How Much Will My Kitchen Cost?
Use an architect's reality checklist to calculate approximate remodeling costs before any design work starts.
Synopsis: San Francisco architect John McLean doesn’t like it when his clients are surprised by how much a kitchen project costs. So to keep them firmly rooted in reality from the outset, he developed a checklist that includes 24 categories that influence the cost of a kitchen, from structural changes to selecting appliances. Each category has five levels of complexity, that allow you to tailor a best-guess price for a project. The article includes a method for calculating the regional differences in the cost of construction.
In the 2005 edition of Fine Homebuilding’s HOUSES, I shared my approach to projecting the cost for home building and renovation projects prior to the start of design work. I was not surprised to learn that the article generated a lot of reader response. “How much will it cost?” is almost always one of the first questions that clients ask. And it’s a good question, because the true costs of their dream home—or in this case, dream kitchen—may not jibe with their budget. Uncovering any disparity before design begins is a good idea.
To the surprise of some people, kitchen remodels are one of the most expensive building projects. They may have seen a kitchen that they liked on television or at a neighbor’s house but were left with unrealistic impressions of what it cost. What you see when you visit a new kitchen often doesn’t reflect the complexity of construction. The cabinets, countertops, and floor in one house can cost more or less than the same items in another. The difference may be based on a number of factors from difficulty of demolition to region of the country.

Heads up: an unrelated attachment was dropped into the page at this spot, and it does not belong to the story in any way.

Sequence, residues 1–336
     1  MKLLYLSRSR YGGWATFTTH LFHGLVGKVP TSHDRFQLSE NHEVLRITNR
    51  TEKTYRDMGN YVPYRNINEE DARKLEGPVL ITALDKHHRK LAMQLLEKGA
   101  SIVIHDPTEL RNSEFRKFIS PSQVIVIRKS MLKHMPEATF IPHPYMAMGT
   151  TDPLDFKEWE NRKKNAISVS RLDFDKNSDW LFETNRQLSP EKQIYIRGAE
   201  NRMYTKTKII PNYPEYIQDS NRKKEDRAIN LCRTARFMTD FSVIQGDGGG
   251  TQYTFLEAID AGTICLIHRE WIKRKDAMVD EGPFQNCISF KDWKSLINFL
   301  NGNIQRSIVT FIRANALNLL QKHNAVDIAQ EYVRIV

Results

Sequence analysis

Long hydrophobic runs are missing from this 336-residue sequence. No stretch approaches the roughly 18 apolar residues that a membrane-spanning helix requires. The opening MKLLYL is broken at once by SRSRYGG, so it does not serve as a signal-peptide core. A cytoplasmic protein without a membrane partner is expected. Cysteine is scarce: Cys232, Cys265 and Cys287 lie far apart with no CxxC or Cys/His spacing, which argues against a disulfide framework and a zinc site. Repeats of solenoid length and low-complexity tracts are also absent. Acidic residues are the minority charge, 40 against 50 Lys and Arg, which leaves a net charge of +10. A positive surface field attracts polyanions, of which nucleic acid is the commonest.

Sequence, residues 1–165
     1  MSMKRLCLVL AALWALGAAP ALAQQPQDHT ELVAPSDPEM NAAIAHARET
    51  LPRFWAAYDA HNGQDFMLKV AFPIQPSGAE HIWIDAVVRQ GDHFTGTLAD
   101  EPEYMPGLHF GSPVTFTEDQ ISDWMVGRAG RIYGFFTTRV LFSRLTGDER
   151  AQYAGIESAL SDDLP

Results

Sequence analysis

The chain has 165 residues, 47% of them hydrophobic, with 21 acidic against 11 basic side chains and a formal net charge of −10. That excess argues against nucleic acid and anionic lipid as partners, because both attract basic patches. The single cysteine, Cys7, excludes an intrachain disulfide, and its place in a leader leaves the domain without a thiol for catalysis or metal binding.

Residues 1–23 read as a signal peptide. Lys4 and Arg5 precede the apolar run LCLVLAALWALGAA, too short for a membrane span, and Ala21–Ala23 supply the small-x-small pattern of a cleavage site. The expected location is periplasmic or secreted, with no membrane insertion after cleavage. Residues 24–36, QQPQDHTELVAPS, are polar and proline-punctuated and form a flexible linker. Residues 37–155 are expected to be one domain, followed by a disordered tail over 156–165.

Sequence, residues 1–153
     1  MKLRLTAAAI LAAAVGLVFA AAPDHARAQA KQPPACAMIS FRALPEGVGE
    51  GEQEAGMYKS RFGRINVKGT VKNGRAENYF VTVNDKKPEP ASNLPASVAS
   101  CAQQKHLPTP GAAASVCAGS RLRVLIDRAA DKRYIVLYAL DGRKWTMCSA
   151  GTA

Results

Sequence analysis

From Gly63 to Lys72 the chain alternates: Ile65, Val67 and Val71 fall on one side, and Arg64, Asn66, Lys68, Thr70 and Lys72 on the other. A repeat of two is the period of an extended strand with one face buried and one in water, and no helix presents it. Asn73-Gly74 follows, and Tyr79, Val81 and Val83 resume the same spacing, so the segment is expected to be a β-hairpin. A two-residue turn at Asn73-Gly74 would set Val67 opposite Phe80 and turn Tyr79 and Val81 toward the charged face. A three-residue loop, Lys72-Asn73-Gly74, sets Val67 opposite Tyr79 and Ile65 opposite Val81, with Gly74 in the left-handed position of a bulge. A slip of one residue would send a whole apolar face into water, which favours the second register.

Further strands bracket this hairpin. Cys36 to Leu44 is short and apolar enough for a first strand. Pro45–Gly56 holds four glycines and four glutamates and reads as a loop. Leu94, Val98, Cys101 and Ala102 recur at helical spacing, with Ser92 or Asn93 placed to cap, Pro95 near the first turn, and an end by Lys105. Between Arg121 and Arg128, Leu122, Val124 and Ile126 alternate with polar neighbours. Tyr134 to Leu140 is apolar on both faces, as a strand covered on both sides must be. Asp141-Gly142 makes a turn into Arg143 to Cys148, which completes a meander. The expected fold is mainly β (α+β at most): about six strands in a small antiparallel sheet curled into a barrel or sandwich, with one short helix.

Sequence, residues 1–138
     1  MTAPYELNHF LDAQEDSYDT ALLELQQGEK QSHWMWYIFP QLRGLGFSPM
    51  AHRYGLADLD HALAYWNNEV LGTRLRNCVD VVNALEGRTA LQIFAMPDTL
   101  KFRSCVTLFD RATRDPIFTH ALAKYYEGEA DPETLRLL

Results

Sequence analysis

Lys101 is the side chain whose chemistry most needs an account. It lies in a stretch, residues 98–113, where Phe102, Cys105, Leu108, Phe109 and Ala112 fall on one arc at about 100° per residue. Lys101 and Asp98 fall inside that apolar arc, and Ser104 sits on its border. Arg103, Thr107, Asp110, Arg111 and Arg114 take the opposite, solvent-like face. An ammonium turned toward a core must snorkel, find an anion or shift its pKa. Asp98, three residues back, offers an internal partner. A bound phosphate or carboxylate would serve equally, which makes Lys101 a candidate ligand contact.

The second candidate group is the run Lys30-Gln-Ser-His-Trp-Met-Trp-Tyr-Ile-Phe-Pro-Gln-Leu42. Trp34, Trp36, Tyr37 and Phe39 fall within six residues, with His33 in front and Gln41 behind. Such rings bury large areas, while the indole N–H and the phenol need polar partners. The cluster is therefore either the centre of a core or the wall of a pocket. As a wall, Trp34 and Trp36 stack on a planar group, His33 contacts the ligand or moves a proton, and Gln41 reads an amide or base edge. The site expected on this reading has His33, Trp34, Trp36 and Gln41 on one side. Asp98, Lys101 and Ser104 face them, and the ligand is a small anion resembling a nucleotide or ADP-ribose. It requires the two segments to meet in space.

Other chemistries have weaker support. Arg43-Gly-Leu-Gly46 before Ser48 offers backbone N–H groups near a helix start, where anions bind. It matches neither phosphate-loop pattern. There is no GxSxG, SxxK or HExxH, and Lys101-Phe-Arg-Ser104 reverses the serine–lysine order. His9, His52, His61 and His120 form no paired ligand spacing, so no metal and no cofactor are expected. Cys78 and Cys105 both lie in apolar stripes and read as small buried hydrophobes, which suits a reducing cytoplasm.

For these reasons, I often use the following charts to project the initial cost of a kitchen remodel at the first meeting with new clients. When we arrive at an estimated cost for the potential remodel, we compare it to the client’s budget. If we’re over budget, and the client can’t or doesn’t want to spend more money, we take a look at each item and try to cut costs. If the estimate is less than anticipated, we may consider upgrades, or the client simply may appreciate the savings.
In my experience, the cost of new construction and the cost of remodeling are similar. Therefore, these charts are viable whether renovating an existing kitchen or building a new one.
Once you’ve arrived at an estimated cost per square foot, multiply it by the total square footage of your kitchen. Changes to adjacent spaces need to be considered as well. For example, if you are removing a 10-ft. wall between a kitchen and a dining room, you likely will incur collateral costs for moving outlets and switches or patching the floor or ceiling in the dining room. To incorporate these costs into the estimate, I consider at least 2 ft. into affected adjacent spaces in the total size projection. For the example I just mentioned, I would add 20 sq. ft.
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